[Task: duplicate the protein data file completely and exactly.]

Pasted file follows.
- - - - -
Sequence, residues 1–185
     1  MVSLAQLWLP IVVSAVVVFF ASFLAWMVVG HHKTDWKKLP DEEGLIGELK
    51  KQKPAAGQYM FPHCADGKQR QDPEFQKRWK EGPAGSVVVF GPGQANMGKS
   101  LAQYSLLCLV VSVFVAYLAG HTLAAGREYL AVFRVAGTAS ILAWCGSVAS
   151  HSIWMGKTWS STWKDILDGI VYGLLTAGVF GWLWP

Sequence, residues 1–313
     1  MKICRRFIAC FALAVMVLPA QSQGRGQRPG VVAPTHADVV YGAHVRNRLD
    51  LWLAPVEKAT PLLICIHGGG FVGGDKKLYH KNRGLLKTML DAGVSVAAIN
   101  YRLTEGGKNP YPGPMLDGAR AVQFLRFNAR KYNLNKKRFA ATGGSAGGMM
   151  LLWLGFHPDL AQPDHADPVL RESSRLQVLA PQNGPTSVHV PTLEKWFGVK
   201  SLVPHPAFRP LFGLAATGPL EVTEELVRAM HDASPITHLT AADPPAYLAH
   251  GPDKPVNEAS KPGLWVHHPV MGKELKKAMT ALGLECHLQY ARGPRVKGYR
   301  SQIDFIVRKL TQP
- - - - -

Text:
Sequence, residues 1–185
     1  MVSLAQLWLP IVVSAVVVFF ASFLAWMVVG HHKTDWKKLP DEEGLIGELK
    51  KQKPAAGQYM FPHCADGKQR QDPEFQKRWK EGPAGSVVVF GPGQANMGKS
   101  LAQYSLLCLV VSVFVAYLAG HTLAAGREYL AVFRVAGTAS ILAWCGSVAS
   151  HSIWMGKTWS STWKDILDGI VYGLLTAGVF GWLWP

Sequence, residues 1–313
     1  MKICRRFIAC FALAVMVLPA QSQGRGQRPG VVAPTHADVV YGAHVRNRLD
    51  LWLAPVEKAT PLLICIHGGG FVGGDKKLYH KNRGLLKTML DAGVSVAAIN
   101  YRLTEGGKNP YPGPMLDGAR AVQFLRFNAR KYNLNKKRFA ATGGSAGGMM
   151  LLWLGFHPDL AQPDHADPVL RESSRLQVLA PQNGPTSVHV PTLEKWFGVK
   201  SLVPHPAFRP LFGLAATGPL EVTEELVRAM HDASPITHLT AADPPAYLAH
   251  GPDKPVNEAS KPGLWVHHPV MGKELKKAMT ALGLECHLQY ARGPRVKGYR
   301  SQIDFIVRKL TQP